Druett, Joan. Hen Frigates: Wives of Merchant Captains Under Sail. Thorndike, Maine: G.K. Hall, 1999.

Druett, Joan. Petticoat Whalers: Whaling Wives at Sea, 1820-1920. Auckland: Collins, 1991.

Druett, Joan. Rough Medicine: Surgeons at Sea in the Age of Sail. New York: Routledge, 2000.

Dunton, Dorothy Magune. All This Day Fine: Mellie’s Life at Sea with Cap’n Frank. Penobscot Press, 1998. An easy-to-read book about a Rockport captain and his wife, drawn from diaries.

FreeHand, Julianna. The Only Woman on Board: The Photographs, Diaries, Letters, And Memorabilia of a Maine Sea Captain and His Wife: 1859-1908. Camden, Maine: Picton Press, 1994. Previously published in 1981 under the title A Seafaring Legacy. Excerpts from the papers, etc, of Alice and Sumner Drinkwater of Yarmouth, Maine, during their life together at sea and apart. Many photographs of and by Alice of home, vessels, and foreign places.

Goodell, W.H. Captain Daniel Smith Goodell, 1853-1912. Searsport, Maine: W.H. Goodell, Jr. with Penobscot Marine Museum, 1994. A biography of a Maine sea captain.

Gould, Annah Maud. A Tempestuous Voyage: The Diary of Annah Maud Gould's Trip Abroad the Ship Berlin. Bowie, Maryland: Heritage Books, 1987. Account of a journey from Maine to San Francisco in 1887 on the Berlin (Phippsburg, 1882).

Griffin, Ralph H. Jr. (ed.). Letters of a New England Coaster, 1868-1872. [No publisher], 1968. The correspondence of Captain Joseph Griffin of Stockton, Maine, much of it between himself and his wife. There is a very interesting segment from a period when he was in a Cuban jail and she was alone on board his schooner.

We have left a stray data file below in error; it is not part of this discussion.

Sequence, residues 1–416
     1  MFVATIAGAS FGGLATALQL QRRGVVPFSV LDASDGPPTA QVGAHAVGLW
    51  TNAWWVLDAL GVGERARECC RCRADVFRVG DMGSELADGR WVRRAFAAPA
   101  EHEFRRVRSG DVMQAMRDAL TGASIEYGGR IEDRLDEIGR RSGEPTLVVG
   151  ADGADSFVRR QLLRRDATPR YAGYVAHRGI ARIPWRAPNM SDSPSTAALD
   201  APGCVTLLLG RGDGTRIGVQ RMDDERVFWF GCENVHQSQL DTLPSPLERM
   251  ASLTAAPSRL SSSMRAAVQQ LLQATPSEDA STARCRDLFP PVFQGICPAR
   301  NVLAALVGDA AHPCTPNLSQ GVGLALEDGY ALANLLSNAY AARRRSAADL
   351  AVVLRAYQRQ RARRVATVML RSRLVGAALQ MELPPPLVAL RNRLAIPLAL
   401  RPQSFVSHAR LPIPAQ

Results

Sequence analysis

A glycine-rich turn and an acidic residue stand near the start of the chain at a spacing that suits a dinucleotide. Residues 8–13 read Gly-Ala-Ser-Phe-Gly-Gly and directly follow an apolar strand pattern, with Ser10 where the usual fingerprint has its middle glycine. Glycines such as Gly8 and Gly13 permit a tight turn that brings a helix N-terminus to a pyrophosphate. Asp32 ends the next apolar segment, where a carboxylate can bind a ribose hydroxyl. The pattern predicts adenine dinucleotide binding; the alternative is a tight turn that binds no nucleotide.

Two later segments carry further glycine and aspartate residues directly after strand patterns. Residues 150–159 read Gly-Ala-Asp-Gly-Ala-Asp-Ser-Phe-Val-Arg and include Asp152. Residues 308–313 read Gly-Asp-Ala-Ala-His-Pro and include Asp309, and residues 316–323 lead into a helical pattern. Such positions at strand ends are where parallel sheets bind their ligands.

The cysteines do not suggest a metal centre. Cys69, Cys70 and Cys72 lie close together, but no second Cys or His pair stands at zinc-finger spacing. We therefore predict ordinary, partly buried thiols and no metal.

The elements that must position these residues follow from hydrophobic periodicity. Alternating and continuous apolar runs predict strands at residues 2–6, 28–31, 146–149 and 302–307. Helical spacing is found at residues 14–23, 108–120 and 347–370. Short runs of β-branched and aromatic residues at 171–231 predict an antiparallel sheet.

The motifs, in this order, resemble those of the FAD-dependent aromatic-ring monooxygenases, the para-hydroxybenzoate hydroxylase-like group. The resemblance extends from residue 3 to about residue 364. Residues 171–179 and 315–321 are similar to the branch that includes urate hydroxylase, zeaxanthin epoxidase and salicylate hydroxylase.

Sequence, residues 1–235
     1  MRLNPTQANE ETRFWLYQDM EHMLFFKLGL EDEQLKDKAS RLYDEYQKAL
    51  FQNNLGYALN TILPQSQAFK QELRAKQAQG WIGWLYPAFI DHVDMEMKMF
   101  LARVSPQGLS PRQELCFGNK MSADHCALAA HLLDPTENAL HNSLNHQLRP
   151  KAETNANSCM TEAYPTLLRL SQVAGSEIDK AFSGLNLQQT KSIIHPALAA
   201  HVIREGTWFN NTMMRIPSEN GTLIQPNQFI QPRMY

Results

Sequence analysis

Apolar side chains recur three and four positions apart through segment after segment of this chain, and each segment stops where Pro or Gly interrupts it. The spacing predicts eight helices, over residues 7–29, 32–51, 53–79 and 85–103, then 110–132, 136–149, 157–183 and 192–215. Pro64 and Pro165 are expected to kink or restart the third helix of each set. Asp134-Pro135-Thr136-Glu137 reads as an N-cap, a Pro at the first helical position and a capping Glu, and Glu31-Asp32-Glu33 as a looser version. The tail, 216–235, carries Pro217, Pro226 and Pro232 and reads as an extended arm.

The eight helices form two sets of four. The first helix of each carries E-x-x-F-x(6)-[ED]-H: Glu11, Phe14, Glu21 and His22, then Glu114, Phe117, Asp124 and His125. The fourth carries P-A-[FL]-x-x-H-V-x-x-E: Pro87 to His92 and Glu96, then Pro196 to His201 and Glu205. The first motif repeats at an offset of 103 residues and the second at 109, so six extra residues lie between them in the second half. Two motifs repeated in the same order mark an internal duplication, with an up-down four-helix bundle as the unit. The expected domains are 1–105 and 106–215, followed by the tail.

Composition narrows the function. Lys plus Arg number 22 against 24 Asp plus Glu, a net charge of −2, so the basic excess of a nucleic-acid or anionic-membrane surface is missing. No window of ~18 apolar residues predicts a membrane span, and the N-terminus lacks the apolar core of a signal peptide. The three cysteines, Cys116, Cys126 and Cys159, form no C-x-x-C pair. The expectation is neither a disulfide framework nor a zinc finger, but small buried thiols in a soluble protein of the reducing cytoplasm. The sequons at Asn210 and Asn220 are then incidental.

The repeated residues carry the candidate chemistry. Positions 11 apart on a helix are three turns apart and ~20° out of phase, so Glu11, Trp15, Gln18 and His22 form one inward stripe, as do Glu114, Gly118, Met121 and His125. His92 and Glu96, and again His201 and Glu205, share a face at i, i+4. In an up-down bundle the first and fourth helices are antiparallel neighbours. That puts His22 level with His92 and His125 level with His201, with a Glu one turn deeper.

Harland, John H. Seamanship in the Age of Sail: An Account of the Shiphandling of the Sailing Man-of-War, 1600-1860. Annapolis, MD: Naval Institute Press, c1984. Though it addresses the sailing man-of-war, much is applicable to sailing merchant ships.

Harlow, Frederick Pease. The Making of a Sailor; or, Sea Life Aboard a Yankee Square-Rigger. Salem, Massachusetts.: Marine Research Society, 1928. Includes traditions of sea life.

Hibberd, Isaac Norris. Sixteen Times Round Cape Horn: The Reminiscences of Captain Isaac Norris Hibberd. Mystic, Connecticut: Mystic Seaport Museum, 1980. Account of voyages made in the late 19th century by Captain Hibberd, many in vessels built by Samuel Watts of Thomaston, Maine.

Humiston, Fred. Blue Water Men and Women. Portland: Gannett Co., 1965. Tales of the men and women who sailed tall ships on all seven seas during the 19th century.

Johnson, Irving. The Peking Battles Cape Horn. Peekskill, New York: Sea History Press, 1995. True account of a voyage around Cape Horn in the bark Peking in 1929-30. Good photos. See also the DVD by the same author, Around Cape Horn.

Lamson, Joseph. Round Cape Horn: Voyage of the Passenger-Ship James W. Paige, from Maine to California in the Year 1852. Bangor, Maine: Press of O.F. & W.H. Knowles, 1878.